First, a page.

WASHINGTON -- The day after Republican Scott Brown's decisive win in Massachusetts, President Obama and the Democrats were still trying to get a grip on reality about his unpopular healthcare bill.
Obama blamed the Democrats' crushing defeat in the critical Senate contest on his administration's failure to focus more on the still-weakened economy. The political rebellion against government-run Obamacare was nowhere on his list of reasons that led to his party's rout in one of the most liberal states in the country.
Sure, many issues fueled the voters' unhappiness -- especially double-digit unemployment, a failed stimulus spending binge, trillion-dollar budget deficits, unprecedented debt and higher taxes to come.
But exit polls at voting places around the state showed that 52 percent of the voters said they opposed the healthcare legislation, and 42 percent said they cast their vote to help Brown stop the president from passing his healthcare bill.
But as Sen.-elect Brown was preparing to fly to Washington, White House aides were still insisting that Tuesday's election was not a referendum on Obama's presidency or a reflection of deep unhappiness over his healthcare legislation.
Democratic strategists who have talked to party leaders said that there was even reluctance in the White House to recognize that the nation's independent voters were deserting the party in droves over health care.
Even some of the most die-hard Democratic supporters of healthcare reform now recognize the political threats posed by the $2.5 trillion tax-and-spend contraption Obama and his aides were pushing toward swift enactment before Tuesday's vote.
A couple of days before the votes were cast, longtime liberal crusader Bob Kuttner, co-editor of The American Prospect magazine, acknowledged that "the health bill has already done incalculable political damage and will likely do more."
"It is hard to know which will be the worse political defeat -- losing the bill and looking weak, or passing it and leaving it as a pinata for Republicans to attack between now and November," the Boston Democrat said in an analysis in the Huffington Post Web site. Obamacare had "become politically radioactive," he said.
Democratic leaders were desperately trying to come up with a plan to save the centerpiece of Obama's domestic agenda that had now become a huge political liability by week's end.
House Speaker Nancy Pelosi, defiantly promising that a bill will be enacted in spite of its rejection by the voters, was pushing the idea of just passing the Senate-passed bill and sending it to the president's desk. But key measures that helped the Senate bill barely squeak through, such as the $100 million Medicaid payoff to Nebraska to buy Sen. Ben Nelson's vote, are poison pills that House Democrats hated.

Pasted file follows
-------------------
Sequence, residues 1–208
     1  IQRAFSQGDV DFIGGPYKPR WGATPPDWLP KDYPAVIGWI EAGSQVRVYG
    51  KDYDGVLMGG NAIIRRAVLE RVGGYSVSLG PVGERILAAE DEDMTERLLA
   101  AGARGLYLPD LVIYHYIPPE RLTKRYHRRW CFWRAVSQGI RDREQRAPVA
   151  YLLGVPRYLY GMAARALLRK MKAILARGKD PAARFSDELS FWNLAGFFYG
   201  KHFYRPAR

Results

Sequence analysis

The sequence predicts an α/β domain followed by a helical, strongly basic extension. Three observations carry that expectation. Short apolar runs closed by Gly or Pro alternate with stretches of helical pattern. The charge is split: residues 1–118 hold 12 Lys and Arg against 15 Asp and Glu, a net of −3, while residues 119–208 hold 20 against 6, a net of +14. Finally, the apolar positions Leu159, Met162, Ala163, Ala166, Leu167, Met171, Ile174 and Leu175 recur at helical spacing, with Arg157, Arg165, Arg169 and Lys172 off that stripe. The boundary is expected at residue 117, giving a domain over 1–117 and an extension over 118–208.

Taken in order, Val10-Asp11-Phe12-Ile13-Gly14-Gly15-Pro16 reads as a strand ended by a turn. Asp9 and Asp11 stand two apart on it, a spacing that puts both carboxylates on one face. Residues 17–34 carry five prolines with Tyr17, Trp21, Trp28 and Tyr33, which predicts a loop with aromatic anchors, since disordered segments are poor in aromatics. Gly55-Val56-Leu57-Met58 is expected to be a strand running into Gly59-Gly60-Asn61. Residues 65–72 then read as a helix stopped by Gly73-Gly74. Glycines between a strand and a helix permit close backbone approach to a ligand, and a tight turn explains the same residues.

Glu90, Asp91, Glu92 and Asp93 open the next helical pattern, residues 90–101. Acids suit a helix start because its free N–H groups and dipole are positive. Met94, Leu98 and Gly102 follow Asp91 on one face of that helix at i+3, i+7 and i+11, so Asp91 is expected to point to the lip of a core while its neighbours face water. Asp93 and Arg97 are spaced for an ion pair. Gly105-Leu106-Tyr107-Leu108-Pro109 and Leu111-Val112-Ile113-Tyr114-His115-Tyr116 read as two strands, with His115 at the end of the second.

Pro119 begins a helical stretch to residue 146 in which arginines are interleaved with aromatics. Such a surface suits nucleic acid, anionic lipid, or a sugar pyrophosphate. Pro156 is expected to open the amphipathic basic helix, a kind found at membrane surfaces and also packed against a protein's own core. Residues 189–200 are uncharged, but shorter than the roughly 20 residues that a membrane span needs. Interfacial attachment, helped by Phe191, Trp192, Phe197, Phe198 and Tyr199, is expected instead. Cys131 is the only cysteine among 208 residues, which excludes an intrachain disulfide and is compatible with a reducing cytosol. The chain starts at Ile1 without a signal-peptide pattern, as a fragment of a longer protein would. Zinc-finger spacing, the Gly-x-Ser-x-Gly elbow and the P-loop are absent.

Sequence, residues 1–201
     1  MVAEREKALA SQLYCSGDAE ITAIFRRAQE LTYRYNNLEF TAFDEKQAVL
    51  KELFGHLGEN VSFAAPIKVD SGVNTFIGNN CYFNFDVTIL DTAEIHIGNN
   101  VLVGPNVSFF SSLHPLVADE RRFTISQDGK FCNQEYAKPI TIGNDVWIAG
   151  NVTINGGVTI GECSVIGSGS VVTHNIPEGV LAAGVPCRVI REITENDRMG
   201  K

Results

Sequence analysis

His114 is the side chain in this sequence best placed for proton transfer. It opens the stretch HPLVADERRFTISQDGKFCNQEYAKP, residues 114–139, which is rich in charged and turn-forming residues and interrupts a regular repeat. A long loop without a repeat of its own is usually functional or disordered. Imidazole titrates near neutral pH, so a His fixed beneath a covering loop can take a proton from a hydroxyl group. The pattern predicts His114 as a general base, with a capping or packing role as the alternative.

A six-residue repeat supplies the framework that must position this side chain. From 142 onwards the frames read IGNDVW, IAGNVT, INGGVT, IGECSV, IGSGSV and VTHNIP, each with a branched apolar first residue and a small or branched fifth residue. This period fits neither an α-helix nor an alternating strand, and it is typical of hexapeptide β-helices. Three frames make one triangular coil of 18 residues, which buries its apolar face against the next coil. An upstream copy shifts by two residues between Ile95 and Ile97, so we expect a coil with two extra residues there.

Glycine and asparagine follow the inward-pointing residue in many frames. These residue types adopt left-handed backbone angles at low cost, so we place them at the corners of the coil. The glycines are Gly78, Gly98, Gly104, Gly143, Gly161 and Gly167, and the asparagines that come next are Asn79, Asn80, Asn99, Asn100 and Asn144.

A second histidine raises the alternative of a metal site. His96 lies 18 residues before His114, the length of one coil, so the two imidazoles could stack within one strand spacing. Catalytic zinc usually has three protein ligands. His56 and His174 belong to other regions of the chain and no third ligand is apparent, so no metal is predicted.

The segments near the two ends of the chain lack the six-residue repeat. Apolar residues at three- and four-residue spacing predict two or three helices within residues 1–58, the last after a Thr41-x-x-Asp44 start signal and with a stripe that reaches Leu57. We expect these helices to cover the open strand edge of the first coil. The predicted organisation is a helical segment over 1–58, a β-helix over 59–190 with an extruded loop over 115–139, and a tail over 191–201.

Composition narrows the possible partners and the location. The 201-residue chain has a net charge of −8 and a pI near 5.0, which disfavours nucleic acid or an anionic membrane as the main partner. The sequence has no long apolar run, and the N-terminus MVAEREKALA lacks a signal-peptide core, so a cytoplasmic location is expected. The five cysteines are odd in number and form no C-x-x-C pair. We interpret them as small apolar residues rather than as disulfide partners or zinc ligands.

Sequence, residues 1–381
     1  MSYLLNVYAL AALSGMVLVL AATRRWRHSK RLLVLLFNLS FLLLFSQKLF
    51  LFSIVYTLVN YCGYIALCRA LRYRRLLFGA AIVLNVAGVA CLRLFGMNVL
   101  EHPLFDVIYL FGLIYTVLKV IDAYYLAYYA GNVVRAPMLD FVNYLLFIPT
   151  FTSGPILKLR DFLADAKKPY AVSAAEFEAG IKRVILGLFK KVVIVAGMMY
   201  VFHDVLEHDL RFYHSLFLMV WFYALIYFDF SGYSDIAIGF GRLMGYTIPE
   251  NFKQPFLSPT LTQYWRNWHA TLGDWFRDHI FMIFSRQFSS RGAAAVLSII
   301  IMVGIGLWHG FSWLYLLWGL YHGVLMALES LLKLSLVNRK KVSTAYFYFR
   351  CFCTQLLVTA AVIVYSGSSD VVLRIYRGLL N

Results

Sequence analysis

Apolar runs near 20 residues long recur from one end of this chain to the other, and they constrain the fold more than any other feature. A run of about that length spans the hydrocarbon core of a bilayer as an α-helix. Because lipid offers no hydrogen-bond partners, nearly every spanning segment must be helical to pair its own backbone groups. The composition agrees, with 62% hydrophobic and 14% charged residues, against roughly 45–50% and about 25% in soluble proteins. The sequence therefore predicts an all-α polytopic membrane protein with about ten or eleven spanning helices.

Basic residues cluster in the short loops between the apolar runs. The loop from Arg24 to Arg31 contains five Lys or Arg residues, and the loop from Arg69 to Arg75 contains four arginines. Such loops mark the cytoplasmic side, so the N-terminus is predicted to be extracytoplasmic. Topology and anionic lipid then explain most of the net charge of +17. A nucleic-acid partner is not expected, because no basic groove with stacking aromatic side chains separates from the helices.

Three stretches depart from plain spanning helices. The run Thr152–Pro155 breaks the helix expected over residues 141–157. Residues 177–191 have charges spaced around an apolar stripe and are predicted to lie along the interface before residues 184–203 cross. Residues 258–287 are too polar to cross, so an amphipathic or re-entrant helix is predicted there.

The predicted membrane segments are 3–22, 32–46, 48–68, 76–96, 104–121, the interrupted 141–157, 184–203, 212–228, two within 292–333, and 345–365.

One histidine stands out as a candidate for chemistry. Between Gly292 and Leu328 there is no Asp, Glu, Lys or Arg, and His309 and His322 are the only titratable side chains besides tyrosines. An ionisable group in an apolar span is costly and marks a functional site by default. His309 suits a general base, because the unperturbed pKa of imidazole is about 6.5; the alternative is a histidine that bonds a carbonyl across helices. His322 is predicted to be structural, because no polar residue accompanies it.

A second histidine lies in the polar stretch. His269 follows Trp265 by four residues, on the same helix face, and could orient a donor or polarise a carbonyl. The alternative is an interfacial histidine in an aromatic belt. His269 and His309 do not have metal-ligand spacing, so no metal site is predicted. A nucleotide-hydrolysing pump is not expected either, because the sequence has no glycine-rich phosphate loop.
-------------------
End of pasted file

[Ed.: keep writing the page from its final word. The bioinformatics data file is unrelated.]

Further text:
Besides, Pelosi has little maneuvering room in her party since the House first passed its version last year. It passed by only five votes and has less support now in the face of polls coming back from congressional districts that show growing public opposition. One campaign adviser says he is telling his Democratic clients to "jump ship now."
In Ohio, Rep. Steve Driehaus of Ohio's 1st District, a reliable backer of the party leadership, is trailing his Republican challenger by 17 points. In Michigan, Rep. Mark Schauer was running behind his GOP challenger by nine points. In Arkansas, Rep. Vic Snyder was in danger of being crushed by his GOP rival, who led by 17 points in the polls, before calling it quits earlier this month.
"The message resonates not only in Massachusetts but throughout the country," the National Republican Congressional Committee wrote the day after Brown's victory. "Vulnerable Democrats who continue to back their party's reckless healthcare push will make the Massachusetts special election look like a walk in the park."
Adding to the Democrats' growing confusion was the cacophony of mixed messages that were coming from the White House and the party's rank and file.
In a post-election interview with George Stephanopoulos of ABC News, Obama seemed to suggest the bill could be scaled back to its major provisions and that there was now time to engage the public in a longer discussion of what his healthcare plan would accomplish. Regulating the insurance companies and price-fixing were still among his chief goals, he said.
But there was a growing feeling that Democratic leaders were losing control of their healthcare agenda as their members were reassessing the political costs of marching lock step toward whatever plan congressional leaders could cobble together if they chose that route.
Sen. Russ Feingold of Wisconsin said Democrats needed to go "back to the drawing board." Indiana Sen. Evan Bayh, who voted for the bill, now wants Democrats to rethink their approach to governing.
Maybe it's dawning on the Democrats' rank and file that there is no way they can sell this healthcare turkey, no matter how much they reshape it. "The measure is so unpopular," Kuttner wrote, that Scott Brown "built his entire surge against (Democrat Martha) Coakley around the promise to be the 41st senator to block the bill."
Brown not only won a Senate seat but he may have stopped this bill before even casting a vote.